(Photo courtesy Instituto Inhotim)
(Photo courtesy Instituto Inhotim)

5. Ekebergparken, Oslo, Norway

This former Middle Age abbey farm and Iron Age rock carvings site is set high on a bluff that offers panoramic views of the city and its famous fjord. The long inspiring park is punctuated with dense woods, clearings and free-standing trees, home to Roe deer, squirrels, bats and more than 40 species of nesting birds. Nodding to long (prehistoric) artistic roots, Ekeberg is now home to a growing collection of sculptures that represent 130 years of European art history with works by Jenny Holzer, Damien Hirst, Per Ung and Marina Abramovic’s site-specific homage to Edvard Munch’s “The Scream,” carefully placed at the same location that serves as the backdrop to his iconic painting.

(Photo courtesy Ekebergparken)
(Photo courtesy Ekebergparken)

6. The Hakone Open-Air Museum, Hakone, Japan

Japan’s first outdoor museum, Hakone, founded in 1969, lies a couple hours south of Tokyo, not far from Fuji Mountain. The 17-acre site features stunning views of the recognizable peak amidst a seasonally-changing temperate backdrop (which switches between cherry blossoms in spring to vibrant autumn foliage) as well as around 120 modern and contemporary works by Japanese and international artists. It features more than two dozen pieces by British sculptor Henry Moore and about 100 other pieces by masters such as Isamu Noguchi, Joan Miró, Auguste Rodin, an entire Picasso Pavillon and Toshiko Horiuchi MacAdam’s famous “Woods of Net.” The colorful hand-knit net is strung from a timber dome built in accordance with ancient temple techniques. An added bonus: The massive structure doubles as an interactive playhouse for kids.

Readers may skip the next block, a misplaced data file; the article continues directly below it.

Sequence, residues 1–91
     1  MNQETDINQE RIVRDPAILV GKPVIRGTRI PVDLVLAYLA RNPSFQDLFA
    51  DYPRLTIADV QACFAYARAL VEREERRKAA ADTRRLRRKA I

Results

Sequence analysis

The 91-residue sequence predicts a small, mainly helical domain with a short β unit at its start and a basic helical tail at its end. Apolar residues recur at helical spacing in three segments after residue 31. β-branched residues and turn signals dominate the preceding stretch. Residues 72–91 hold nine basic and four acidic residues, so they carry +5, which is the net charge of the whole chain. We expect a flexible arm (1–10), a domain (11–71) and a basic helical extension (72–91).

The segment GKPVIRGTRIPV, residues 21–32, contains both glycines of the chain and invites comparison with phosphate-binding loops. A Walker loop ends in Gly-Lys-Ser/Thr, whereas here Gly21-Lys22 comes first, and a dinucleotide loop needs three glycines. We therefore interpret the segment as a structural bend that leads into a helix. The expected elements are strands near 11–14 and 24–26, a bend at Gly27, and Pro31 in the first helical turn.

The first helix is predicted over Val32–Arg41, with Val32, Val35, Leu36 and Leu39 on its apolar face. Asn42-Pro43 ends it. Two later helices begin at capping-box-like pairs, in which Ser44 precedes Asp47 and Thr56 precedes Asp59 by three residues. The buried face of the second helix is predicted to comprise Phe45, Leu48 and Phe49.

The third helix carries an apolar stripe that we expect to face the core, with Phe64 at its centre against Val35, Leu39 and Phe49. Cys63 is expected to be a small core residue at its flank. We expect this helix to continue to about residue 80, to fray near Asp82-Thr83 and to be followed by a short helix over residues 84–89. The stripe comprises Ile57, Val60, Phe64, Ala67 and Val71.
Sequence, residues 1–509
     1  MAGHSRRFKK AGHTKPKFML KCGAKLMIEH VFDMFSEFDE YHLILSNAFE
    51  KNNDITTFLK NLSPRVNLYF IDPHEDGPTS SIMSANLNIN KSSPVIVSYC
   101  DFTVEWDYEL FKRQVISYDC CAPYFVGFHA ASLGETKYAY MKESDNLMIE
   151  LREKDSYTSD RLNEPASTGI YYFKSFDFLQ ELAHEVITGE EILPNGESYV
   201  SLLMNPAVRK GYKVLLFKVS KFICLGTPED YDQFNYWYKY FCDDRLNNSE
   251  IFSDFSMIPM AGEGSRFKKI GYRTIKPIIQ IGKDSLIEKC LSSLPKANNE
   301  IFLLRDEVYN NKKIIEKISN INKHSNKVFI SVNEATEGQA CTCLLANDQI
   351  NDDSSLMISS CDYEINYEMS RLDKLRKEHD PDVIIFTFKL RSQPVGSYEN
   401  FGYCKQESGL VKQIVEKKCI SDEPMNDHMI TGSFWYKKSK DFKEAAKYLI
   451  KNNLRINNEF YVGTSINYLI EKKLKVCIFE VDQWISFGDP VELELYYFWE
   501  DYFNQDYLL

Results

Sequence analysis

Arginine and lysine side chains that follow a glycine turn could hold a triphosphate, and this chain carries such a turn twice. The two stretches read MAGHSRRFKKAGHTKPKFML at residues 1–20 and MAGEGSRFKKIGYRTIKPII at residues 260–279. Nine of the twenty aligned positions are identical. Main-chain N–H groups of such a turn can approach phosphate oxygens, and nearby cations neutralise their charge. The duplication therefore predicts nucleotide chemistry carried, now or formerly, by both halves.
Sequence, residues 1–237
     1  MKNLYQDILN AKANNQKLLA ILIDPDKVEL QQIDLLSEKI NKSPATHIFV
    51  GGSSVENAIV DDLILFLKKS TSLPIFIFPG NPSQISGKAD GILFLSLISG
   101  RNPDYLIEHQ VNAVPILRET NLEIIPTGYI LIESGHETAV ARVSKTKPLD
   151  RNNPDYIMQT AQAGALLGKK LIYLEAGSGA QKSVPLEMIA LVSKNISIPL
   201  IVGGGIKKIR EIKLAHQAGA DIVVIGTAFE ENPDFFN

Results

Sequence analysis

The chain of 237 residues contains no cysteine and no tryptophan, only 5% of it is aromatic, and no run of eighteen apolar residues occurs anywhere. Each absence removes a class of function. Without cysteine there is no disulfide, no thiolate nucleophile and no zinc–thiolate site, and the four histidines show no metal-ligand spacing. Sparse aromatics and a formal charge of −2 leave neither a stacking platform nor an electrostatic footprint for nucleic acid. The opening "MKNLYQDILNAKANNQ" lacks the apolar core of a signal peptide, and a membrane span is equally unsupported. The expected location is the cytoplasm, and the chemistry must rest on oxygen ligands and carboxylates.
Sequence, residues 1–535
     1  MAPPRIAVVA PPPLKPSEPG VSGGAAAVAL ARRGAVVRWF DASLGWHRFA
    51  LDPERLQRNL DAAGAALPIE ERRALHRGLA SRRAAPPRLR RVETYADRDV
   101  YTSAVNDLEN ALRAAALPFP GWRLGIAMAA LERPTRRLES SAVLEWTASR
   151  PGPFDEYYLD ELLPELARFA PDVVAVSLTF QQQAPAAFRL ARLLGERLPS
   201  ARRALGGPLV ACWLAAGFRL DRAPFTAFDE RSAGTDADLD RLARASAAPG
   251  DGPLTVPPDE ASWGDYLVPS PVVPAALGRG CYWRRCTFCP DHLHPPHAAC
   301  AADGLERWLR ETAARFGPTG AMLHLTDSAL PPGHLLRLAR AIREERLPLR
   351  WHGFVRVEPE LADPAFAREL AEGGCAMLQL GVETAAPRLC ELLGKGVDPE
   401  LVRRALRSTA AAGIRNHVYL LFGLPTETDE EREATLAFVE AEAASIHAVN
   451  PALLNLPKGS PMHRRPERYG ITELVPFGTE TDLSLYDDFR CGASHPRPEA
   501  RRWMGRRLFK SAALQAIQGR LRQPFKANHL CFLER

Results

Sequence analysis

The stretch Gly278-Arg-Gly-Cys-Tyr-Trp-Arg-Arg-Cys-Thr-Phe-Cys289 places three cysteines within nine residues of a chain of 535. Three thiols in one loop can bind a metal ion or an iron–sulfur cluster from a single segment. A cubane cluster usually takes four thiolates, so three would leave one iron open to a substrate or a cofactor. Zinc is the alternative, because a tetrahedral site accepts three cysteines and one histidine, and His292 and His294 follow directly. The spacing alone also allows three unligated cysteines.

(Photo courtesy Ekebergparken)
(Photo by Shutterstock.com)

7. Yorkshire Sculpture Park, West Bretton, England

What started as a collection of nearly a few dozen sculptures in 1977 has morphed into one of the greatest rotating collections of outdoor sculptures on the planet. The 500-acre “gallery without walls” has a permanent collection of works by outstanding artists like James Turrell, Barbara Hepworth and one of the largest outdoor displays of Henry Moore in Europe. You’ll also find ever-changing (and always impressive) contemporary exhibitions with cutting-edge creators from around the globe including Amnesty International’s Ambassador of Conscience award recipient Ai Weiwei, British-Trinidadian Zak Ové (hailed for his changing representations of different African forms) and politically engaging Chilean conceptual-artist Alfredo Jaar.

(Photo courtesy Yorkshire Sculpture Park)
(Photo courtesy Yorkshire Sculpture Park)

Feature photo of Storm King by Waring Abbott/Getty Images